# Brill–Noether theory

In the theory of algebraic curves, **Brill–Noether theory**, introduced by Brill and Noether (1874), is the study of **special divisors**, certain divisors on a curve *C* that determine more compatible functions than would be predicted. In classical language, special divisors move on the curve in a "larger than expected" linear system of divisors.

The condition to be a special divisor *D* can be formulated in sheaf cohomology terms, as the non-vanishing of the *H*^{1} cohomology of the sheaf of the sections of the invertible sheaf or line bundle associated to *D*. This means that, by the Riemann–Roch theorem, the *H*^{0} cohomology or space of holomorphic sections is larger than expected.

Alternatively, by Serre duality, the condition is that there exist holomorphic differentials with divisor ≥ −*D* on the curve.

## Main theorems of Brill–Noether theory

For given genus *g*, the moduli space for curves *C* of genus *g* should contain a dense subset parameterizing those curves with the minimum in the way of special divisors. One goal of the theory is to 'count constants', for those curves: to predict the dimension of the space of special divisors (up to linear equivalence) of a given degree *d*, as a function of *g*, that *must* be present on a curve of that genus.

The basic statement can be formulated in terms of the Picard variety Pic(*C*) of a smooth curve *C*, and the subset of Pic(*C*) corresponding to divisor classes of divisors *D*, with given values *d* of deg(*D*) and *r* of *l*(*D*) in the notation of the Riemann–Roch theorem. There is a lower bound ρ for the dimension dim(*d*, *r*, *g*) of this subscheme in Pic(*C*):

- dim(
*d*,*r*,*g*) ≥ ρ = g − (r+1)(g − d+r)

called the **Brill–Noether number**.
For smooth curves *G* and for *d*≥1, *r*≥0 the basic results about the space *G**r**d* of linear systems on *C* of degree *d* and dimension *r* are as follows.

- Kempf proved that if ρ≥0 then
*G**r**d*is not empty, and every component has dimension at least ρ. - Fulton and Lazarsfeld proved that if ρ≥1 then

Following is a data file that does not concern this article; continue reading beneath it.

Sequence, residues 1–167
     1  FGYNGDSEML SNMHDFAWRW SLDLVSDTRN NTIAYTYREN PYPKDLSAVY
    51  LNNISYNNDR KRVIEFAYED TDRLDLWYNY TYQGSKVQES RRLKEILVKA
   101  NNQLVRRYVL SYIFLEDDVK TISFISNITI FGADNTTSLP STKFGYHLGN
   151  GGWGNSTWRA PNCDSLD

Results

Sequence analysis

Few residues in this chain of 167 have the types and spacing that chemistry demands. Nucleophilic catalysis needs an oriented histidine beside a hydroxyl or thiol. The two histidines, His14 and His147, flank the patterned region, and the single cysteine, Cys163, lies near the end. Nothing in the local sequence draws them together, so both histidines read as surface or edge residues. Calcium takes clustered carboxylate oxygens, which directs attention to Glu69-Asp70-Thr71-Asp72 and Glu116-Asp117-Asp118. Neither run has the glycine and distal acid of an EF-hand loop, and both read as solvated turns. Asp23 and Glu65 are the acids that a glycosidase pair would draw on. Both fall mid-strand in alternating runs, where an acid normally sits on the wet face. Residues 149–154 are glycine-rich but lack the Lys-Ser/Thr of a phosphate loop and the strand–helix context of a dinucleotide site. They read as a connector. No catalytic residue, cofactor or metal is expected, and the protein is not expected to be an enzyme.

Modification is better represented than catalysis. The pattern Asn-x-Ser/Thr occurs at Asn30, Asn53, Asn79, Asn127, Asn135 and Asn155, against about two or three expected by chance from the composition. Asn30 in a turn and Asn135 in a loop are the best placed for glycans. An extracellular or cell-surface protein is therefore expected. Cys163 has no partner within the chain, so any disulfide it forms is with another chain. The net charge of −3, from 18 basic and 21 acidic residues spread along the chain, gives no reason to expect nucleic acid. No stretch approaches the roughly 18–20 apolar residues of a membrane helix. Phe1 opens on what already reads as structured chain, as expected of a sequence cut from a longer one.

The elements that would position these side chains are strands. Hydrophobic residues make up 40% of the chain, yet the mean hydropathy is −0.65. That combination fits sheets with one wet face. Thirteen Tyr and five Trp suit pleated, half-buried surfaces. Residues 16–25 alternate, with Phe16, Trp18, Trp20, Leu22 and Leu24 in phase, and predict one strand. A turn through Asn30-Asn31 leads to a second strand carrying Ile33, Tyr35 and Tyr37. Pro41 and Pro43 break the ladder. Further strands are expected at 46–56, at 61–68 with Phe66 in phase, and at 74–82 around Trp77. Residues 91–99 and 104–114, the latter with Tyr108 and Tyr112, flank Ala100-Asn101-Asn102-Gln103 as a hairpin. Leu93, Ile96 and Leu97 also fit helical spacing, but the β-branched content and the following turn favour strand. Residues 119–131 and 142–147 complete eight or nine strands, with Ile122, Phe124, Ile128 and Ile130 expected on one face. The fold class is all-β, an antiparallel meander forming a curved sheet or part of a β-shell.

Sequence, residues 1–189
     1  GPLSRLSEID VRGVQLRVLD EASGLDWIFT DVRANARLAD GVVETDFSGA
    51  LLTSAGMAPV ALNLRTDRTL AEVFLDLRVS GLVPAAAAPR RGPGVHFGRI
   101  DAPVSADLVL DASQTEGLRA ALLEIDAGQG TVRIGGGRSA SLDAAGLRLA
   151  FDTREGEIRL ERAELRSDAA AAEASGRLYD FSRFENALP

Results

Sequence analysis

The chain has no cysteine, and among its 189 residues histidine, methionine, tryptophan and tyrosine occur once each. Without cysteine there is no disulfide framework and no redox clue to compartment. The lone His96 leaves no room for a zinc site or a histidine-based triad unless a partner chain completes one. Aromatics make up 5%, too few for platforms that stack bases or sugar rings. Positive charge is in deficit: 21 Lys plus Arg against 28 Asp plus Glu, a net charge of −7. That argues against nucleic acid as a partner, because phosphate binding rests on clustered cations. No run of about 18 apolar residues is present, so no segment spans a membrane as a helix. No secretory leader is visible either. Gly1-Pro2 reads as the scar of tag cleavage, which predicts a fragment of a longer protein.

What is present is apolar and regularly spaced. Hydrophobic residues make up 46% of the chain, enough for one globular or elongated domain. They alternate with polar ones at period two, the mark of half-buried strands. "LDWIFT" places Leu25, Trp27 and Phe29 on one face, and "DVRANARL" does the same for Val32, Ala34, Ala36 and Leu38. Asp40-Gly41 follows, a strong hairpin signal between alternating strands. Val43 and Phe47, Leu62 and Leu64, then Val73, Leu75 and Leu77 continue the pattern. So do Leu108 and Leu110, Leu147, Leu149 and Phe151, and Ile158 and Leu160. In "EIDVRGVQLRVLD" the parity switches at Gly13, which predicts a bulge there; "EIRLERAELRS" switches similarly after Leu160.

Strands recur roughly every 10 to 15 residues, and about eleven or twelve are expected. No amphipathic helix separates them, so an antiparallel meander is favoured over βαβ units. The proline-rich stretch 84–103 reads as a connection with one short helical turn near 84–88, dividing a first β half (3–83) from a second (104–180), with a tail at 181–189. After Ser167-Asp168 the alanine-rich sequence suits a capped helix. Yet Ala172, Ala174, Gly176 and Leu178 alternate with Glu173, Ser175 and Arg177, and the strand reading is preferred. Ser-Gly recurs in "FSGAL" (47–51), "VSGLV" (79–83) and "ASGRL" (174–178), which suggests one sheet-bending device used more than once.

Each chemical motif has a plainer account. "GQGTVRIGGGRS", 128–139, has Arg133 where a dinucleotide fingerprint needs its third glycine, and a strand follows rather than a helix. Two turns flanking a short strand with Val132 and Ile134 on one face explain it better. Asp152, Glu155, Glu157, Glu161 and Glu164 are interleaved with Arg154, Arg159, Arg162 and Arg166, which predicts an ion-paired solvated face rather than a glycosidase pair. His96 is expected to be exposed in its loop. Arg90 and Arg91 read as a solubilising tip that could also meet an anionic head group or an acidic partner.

*G**r**d*is connected. - Griffiths & Harris (1980) showed that if
*C*is generic then*G**r**d*is reduced and all components have dimension exactly ρ (so in particular*G**r**d*is empty if ρ<0). - Gieseker proved that if
*C*is generic then*G**r**d*is smooth. By the connectedness result this implies it is irreducible if*ρ*> 0.

The problem formulation can be carried over into higher dimensions, and there is now a corresponding Brill–Noether theory for some classes of algebraic surfaces. Algebraic geometer Montserrat Teixidor i Bigas has written several papers about this topic, including "Brill–Noether Theory for stable vector bundles*; ^{[1]} "A Riemann Singularity Theorem for generalized Brill–Noether loci";^{[2]} "Brill–Noether theory for vector bundles of rank 2" ^{[3]} and "Brill–Noether theory for stable vector bundles".^{[4]}*

## References

- E. Arbarello; M. Cornalba; P.A. Griffiths; J. Harris (1985).
*Geometry of Algebraic Curves Volume I*. Grundlehren de mathematischen Wisenschaften 267. ISBN 0-387-90997-4. - Brill, Alexander von; Noether, Max (1874). "Ueber die algebraischen Functionen und ihre Anwendung in der Geometrie".
*Mathematische Annalen*.**7**(2): 269–316. doi:10.1007/BF02104804. JFM 06.0251.01. Retrieved 2009-08-22. - Griffiths, Phillip; Harris, Joseph (1980). "On the variety of special linear systems on a general algebraic curve.".
*Duke Math. J*.**47**(1): 233–272. doi:10.1215/s0012-7094-80-04717-1. MR 0563378. - P. Griffiths; J. Harris (1994).
*Principles of Algebraic Geometry*. Wiley Classics Library. Wiley Interscience. p. 245. ISBN 0-471-05059-8.